Got Injuries? Active Release Technique Therapy May Be the Answer

Liz Merritt
December 19, 2017
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Nagging aches and pains are so common among athletes that we almost wear them like badges of honor. We can ignore, deny, medicate or chalk up lingering injuries to aging bodies. But the fact of the matter is there is a clinical approach called Active Release Technique therapy (ART) that is freeing athletes from pain.

Active Release Technique Therapy

Active Release Technique therapy – or ART – is a soft-tissue therapy designed to target overuse injuries in muscles, tendons, ligaments fascia and nerves by breaking down restrictive scar tissue and restoring proper motion to the injured area.

active release technique therappy

ART is a soft-tissue therapy designed to target overuse injuries in muscles, tendons, ligaments fascia and nerves.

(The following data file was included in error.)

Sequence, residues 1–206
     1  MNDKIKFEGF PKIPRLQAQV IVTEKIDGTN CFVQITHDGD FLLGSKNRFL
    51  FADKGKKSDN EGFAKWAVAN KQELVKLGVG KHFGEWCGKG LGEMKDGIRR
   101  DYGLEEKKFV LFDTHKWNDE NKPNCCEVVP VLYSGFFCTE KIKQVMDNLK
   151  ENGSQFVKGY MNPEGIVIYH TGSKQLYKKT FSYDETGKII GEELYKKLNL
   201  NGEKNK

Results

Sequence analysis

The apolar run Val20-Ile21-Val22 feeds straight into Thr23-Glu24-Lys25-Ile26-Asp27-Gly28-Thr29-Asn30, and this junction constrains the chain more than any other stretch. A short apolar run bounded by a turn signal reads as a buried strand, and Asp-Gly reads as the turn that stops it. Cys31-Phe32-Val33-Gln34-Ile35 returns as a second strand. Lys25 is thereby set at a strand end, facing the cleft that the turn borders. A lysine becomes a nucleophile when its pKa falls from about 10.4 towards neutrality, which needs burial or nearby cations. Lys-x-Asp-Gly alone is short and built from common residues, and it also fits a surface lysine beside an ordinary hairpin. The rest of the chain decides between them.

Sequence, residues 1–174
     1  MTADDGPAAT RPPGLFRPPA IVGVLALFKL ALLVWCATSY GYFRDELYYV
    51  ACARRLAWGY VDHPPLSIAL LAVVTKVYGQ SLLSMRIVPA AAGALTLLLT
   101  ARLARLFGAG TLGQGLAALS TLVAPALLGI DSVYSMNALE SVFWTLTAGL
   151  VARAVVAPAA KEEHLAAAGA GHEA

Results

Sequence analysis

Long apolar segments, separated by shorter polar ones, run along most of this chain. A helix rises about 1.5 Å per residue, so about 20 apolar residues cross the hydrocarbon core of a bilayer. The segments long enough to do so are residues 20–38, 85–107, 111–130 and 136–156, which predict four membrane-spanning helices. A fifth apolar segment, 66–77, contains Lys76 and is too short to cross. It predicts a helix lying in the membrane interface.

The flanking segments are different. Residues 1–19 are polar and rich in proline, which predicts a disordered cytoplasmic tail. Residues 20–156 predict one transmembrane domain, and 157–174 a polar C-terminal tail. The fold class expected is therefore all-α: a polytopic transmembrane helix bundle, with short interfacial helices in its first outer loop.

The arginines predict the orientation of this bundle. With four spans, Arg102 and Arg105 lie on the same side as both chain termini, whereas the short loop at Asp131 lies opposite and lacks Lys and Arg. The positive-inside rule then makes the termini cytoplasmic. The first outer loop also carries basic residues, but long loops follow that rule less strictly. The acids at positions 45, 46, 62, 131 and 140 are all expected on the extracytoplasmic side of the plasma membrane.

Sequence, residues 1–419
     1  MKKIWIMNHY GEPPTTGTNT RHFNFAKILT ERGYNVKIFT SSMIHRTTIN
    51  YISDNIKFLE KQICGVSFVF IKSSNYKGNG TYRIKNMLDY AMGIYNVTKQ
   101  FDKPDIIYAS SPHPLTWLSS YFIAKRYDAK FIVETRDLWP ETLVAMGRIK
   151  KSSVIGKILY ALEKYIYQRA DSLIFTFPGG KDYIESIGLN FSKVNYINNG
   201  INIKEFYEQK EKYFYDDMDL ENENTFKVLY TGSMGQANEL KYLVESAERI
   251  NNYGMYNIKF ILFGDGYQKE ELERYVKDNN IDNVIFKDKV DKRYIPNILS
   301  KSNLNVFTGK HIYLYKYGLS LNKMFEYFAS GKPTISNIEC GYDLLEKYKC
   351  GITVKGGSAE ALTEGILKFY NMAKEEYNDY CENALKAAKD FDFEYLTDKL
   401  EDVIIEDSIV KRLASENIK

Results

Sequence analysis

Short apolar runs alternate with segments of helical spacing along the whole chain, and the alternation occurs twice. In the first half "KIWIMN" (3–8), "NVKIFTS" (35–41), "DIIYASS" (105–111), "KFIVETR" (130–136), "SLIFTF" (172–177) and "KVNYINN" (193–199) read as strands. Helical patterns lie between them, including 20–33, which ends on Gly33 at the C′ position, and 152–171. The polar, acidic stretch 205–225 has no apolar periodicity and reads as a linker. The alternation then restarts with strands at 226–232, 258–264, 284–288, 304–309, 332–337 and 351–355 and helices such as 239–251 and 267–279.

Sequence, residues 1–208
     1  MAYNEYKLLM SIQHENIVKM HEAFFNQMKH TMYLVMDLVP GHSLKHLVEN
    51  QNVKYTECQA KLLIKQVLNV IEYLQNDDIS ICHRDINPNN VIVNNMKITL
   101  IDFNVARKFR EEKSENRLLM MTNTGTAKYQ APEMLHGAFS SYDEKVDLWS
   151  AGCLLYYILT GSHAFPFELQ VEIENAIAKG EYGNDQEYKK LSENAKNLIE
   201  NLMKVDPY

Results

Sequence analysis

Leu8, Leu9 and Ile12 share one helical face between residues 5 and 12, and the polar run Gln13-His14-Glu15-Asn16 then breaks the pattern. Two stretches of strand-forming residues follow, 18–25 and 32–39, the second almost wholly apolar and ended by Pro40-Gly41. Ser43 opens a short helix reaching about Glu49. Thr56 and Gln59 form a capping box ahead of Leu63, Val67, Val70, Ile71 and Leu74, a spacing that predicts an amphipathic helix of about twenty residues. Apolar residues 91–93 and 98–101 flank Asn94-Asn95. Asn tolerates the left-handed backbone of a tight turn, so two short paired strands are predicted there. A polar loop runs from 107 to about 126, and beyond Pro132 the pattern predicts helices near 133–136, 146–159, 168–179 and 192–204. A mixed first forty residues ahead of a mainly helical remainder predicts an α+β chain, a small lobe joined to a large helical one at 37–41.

Overuse injuries such as pulls, tears and micro-traumas cause our bodies to produce thick scar tissue over time. That scar tissue adheres to the surrounding areas and restricts range of motion. All of this eventually leads to decreased circulation, tightness, pain and loss of strength.

Dr. Kevin Sherman, a Chiropractic sports doctor and certified ART practitioner and instructor in Scottsdale, Arizona, explains the body’s response to injury.

“Any time you injure a soft tissue in any way, the body always lays down scar tissue. After an acute injury or surgery, large amounts of scar tissue can form relatively quickly. With repetitive trauma, scar tissue slowly builds up over time and eventually causes symptoms,” he says.

The Missing Link